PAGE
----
So what’s actually going on? Experts readily acknowledge that the lack of specific research doesn’t mean sleep regressions aren’t real.
Between three and five months, babies are going through incredible leaps, Paruthi said. They’re growing a lot, so some simply start waking up hungry more often. Others may begin waking up at night because they’re learning new skills — like rolling over and communicating for the first time through smiles, cooing and laughter — and they’re psyched to try them out. Some start teething. Some have outgrown the swaddles they’ve been accustomed to since birth. Some start eating foods for the first time, which can lead to interesting gastrointestinal situations in the wee hours of the morning.
There is also a fundamental change occurring in the very nature and pattern of their sleep.
“Non-REM sleep is our deep, restorative sleep. … REM sleep is when we tend to do most of our active dreaming, or vivid dreaming,” explained Dr. Ann Halbower, a pediatric pulmonologist and director of Sleep Medicine Research at Children’s Hospital Colorado. Roughly around four months, babies start cycling through non-REM and REM cycles more like adults do, which can lead to more awakenings as their little brains and bodies try to make sense of what’s going on.
“They’re developing a different non-REM to REM cycle. They’re also developing a different day-to-night cycle, they’re developing motor skills and they’re developing cognitive skills — and all this has to occur at the same time,” Halbower said.
“It’s actually a sleep development,” she added. “It’s really a progression, not a regression.”
Live Through The Phase
But few parents feel much like celebrating when their kid suddenly becomes a terrible sleeper; they want relief. And here is where the internet’s obsession with “sleep associations” comes in — the idea that 4-month-old babies are suddenly much more aware of the props they relied on to fall asleep at the beginning of the night and are incapable of falling back asleep without them. A baby who falls asleep eating and being rocked will need to eat and be rocked again when she wakes up at 1 a.m., 3 a.m. and 5 a.m., the thinking goes.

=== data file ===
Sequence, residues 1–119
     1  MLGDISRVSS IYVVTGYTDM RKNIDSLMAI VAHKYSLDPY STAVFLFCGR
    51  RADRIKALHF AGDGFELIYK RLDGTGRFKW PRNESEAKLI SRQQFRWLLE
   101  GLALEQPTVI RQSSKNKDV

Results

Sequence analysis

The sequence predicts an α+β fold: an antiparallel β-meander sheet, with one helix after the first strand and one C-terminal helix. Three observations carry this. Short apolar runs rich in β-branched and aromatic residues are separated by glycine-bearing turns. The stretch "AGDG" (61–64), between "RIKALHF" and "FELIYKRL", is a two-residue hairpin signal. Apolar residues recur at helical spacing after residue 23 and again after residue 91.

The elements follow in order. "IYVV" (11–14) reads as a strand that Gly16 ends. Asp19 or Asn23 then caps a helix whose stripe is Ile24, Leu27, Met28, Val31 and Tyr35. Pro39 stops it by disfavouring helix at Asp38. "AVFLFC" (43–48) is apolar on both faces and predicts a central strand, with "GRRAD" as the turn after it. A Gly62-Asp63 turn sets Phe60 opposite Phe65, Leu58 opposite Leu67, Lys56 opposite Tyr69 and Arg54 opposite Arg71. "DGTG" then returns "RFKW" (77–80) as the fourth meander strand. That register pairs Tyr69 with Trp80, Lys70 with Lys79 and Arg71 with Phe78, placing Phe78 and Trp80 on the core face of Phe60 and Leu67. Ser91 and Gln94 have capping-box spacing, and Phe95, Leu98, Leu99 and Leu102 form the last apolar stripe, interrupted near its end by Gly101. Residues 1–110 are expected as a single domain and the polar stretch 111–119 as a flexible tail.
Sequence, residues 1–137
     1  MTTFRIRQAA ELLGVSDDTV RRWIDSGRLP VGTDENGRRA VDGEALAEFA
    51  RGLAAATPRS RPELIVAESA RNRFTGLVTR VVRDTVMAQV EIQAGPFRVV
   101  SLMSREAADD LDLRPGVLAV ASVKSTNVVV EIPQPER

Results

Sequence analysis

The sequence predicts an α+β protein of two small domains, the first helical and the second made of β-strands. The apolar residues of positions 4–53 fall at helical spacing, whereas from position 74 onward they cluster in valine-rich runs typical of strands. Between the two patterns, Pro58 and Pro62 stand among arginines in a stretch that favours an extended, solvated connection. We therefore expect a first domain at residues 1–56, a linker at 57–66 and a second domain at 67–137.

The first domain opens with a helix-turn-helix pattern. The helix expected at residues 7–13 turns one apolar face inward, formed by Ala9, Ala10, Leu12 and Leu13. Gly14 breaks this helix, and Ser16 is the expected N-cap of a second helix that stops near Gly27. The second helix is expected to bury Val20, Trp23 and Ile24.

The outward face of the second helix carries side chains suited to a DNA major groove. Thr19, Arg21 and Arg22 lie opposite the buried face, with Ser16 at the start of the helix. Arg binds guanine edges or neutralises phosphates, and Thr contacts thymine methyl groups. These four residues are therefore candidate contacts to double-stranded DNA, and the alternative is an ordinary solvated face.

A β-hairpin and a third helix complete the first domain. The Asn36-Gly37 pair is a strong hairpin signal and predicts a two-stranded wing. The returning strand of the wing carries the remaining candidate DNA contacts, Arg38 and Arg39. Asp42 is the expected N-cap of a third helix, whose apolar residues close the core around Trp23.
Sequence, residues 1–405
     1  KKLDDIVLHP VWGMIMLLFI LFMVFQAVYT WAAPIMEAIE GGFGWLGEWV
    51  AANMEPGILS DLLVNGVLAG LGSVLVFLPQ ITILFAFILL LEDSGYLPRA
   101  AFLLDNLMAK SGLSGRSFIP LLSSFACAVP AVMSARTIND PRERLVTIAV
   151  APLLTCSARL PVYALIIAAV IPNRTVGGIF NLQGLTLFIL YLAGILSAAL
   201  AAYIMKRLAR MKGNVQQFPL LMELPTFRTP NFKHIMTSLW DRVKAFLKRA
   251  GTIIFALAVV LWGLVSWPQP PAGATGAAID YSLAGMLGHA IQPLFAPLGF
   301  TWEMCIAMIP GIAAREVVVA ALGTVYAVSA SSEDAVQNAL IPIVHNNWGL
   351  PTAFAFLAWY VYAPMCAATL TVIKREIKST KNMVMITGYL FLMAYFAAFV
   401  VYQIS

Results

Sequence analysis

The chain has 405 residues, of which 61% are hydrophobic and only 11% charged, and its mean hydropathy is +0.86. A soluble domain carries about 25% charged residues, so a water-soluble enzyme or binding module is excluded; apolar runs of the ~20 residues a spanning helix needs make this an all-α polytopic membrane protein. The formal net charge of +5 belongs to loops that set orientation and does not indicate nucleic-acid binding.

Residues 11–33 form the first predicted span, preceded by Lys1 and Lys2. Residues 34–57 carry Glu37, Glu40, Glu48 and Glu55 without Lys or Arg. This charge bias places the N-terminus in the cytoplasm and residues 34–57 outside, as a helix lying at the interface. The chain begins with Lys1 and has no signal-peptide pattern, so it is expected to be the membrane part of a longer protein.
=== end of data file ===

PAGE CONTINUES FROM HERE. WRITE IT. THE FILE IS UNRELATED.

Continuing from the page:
The American Academy of Sleep Medicine certainly agrees that sleep associations can be real, although they don’t really recommend encouraging them.
“At the three- to four-month mark, we know that most babies are physically capable of self-soothing and falling asleep by themselves at the beginning of the night,” said Natalie Barnett, a New York-based sleep consultant who said that roughly 80 percent of the parents she works with have babies between 4 and 6 months old.
Around this time, she recommends that parents take pains to put their babies down in the crib when they’re drowsy, but not asleep, and give them some space to learn how to self-soothe — even if that requires some crying.
Of course, “cry it out” methods — the broad catch-all for any kind of sleep training that involves letting babies fuss as they figure out how to self-soothe themselves to sleep — are wildly divisive among parents. The American Academy of Sleep Medicine generally says they’re effective. Some parents choose, instead, to offer extra soothing and hope everything falls into place eventually.
It Will End, Eventually
Ultimately, Paruthi said, most babies tend to sort out their sleep pretty well by six months or so — that is, up to a point.
“If you go to the sleep textbooks, you’re going to find that they all say this magic quote of ‘Babies should start sleeping through the night by six months,’” Paruthi said. “Well, if you dig into the fine details, ‘sleeping through the night’ in those textbook definitions is really only five or six hours straight.”
After which point, the internet tells me, there is apparently another common sleep regression around eight months. And then possibly again at a year. And then 18 months.
In the meantime, I’ll be drinking a hell of a lot of coffee.